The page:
If so, we live in a terribly nonsensical world, one immune to criticism or judgment of any kind. Did McDonald’s give you cold french fries? Too bad, because they aren’t obligated to give you hot ones. No complaining! Did you tell the waiter you wanted a medium-rare steak and they gave you well-done? The chef isn’t obligated to bend to your whims, knave! He or she is an artiste! Movie previews aren’t obligated to represent the actual feature film, and if you don’t like it, go back in time and don’t buy a ticket!

Of course, the author clearly is being pedantic here. The point most people are bringing up is that SimCity, both conceptually and literally, doesn’t need to be always-online. There is no requirement for it to be so, despite the rather flagrant falsehoods claimed by the development team and embarrassingly contradicted by the modding community and a Maxis insider. Maxis/EA has no obligation to accede to reason, of course, but they certainly invite the valid criticism that accompany such quests for profit at consumer expense.

Which segues nicely into this nonsense:

You can ask, you can even petition, but I’d like to think we’re not at the point where we’re now telling painters, musicians, writers and artists of whatever stripe — game designers included — what they have to do.

You can’t have it both ways. You can’t shake your fist indignantly and shout “but games are art!” then hold game designers to a different standard.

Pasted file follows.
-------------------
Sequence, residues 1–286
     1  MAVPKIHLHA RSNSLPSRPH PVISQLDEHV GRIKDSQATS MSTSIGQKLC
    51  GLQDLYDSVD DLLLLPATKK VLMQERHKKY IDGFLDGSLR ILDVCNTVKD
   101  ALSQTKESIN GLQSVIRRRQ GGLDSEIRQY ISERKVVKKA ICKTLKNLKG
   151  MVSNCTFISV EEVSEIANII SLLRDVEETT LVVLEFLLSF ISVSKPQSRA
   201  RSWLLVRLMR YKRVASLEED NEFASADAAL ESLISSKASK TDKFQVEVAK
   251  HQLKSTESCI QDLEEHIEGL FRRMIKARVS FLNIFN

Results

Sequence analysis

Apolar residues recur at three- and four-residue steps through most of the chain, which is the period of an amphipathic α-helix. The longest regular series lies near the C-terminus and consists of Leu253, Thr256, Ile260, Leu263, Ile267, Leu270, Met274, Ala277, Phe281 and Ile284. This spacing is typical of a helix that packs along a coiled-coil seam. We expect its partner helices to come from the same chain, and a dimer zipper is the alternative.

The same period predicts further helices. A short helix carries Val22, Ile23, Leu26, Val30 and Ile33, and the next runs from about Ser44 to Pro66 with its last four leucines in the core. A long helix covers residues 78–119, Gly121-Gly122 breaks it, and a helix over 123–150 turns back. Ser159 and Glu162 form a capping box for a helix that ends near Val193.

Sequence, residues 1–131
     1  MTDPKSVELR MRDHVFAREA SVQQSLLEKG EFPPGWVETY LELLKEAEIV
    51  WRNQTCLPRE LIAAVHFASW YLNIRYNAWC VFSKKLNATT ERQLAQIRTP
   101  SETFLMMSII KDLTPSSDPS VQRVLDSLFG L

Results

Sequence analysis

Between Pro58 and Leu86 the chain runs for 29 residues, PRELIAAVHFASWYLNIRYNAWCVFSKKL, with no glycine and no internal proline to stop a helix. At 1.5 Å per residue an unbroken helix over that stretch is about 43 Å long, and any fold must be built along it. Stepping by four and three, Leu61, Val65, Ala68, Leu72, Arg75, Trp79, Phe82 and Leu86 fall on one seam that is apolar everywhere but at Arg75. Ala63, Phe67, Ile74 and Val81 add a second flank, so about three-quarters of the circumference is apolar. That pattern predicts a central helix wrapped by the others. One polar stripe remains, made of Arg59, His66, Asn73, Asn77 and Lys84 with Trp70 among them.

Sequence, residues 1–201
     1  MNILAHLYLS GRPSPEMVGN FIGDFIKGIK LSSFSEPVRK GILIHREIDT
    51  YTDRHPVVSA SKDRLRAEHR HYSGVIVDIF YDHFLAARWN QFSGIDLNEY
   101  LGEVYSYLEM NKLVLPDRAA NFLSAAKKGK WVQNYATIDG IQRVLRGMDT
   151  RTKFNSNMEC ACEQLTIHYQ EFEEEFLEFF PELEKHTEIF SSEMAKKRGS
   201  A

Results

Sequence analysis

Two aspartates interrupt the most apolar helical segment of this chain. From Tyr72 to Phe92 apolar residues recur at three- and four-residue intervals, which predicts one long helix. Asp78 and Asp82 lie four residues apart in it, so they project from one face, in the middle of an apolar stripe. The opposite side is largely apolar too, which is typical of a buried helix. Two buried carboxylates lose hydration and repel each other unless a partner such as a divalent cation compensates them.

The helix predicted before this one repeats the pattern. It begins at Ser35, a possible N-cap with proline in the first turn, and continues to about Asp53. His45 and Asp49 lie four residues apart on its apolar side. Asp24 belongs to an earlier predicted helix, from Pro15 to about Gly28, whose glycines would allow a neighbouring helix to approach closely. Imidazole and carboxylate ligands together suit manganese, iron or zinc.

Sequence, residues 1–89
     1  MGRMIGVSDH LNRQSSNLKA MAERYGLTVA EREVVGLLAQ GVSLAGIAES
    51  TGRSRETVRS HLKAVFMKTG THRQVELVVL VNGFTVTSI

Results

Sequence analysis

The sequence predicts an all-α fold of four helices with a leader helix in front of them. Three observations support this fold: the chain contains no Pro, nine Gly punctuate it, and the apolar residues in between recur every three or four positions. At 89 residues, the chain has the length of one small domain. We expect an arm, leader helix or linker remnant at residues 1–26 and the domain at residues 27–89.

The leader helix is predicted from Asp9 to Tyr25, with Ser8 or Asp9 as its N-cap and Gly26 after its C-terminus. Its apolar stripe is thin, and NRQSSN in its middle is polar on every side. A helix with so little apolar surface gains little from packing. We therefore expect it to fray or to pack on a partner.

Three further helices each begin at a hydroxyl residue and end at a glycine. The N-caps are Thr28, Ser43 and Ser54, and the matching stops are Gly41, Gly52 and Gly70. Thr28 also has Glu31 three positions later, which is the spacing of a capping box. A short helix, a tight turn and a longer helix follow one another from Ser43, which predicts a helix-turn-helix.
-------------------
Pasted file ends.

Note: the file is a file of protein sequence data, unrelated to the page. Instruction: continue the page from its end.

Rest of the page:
This is truly an despicable appeal to diversion. “Stop complaining about game design direction, or else games won’t be art anymore!” First of all, there is nothing sacrosanct about art. Authors have editors. Directors have focus groups. Fundamentally, all art is an exchange, and every artist considers his or her audience when making a piece for presentation (even if they imagine it is an audience of just themselves). And this is besides the fact that these game companies are businesses selling a product for profit. Games can be artistic products, but these companies are selling them to consumers, not putting (selling?) them in museums.

The pernicious worm at the core of this abhorrent article is the same one I have seen in similar, depressingly frequent articles: an implicit admonition of criticism itself. “Stop complaining,” these authors say, “you are lucky the artists deign to create anything for you filthy plebs.” No, I deny your thinly-veiled nihilism. Gamers have a right to reject anti-consumerist design. Gamers have the right to call out poor gameplay. The gamers who made the SimCity franchise successful in the first place have a right to protest design they feel is taking said franchise in the wrong direction. Is EA/Maxis or any game maker obligated to do anything? Of course not. Does that make levied criticism illegitimate? Hell no.

You are always entitled to your own opinion, and people can judge for themselves whether it an opinion worthy of consideration. And it is my opinion that Time’s article of meta-criticism – and all articles in the same vein – are specious nonsense, and nihilistic besides. Nothing is beyond reproach, else it demonstrates a perfection impossible to manifest in a universe of subjective minds.

I can only hope that the next EA CEO coming in can spare the 5 minutes of his or her time to understand why the company continues topping the worst company in the world charts. A quick memo to Maxis authorizing an offline mode would pull the teeth out of this endless negative PR; a gaming policy of not monetizing every single pixel with endless online passes could even get gamers to forgive Origin (or maybe just running some goddamn sales).

Bam, done. You’re welcome, EA.

P.S. While writing this article, a friend of mine pops up on Steam chat saying that the Mass Effect 3 servers were down, meaning he couldn’t play the single-player DLC he legitimately purchased through Origin weeks ago. This is the world we live in, folks.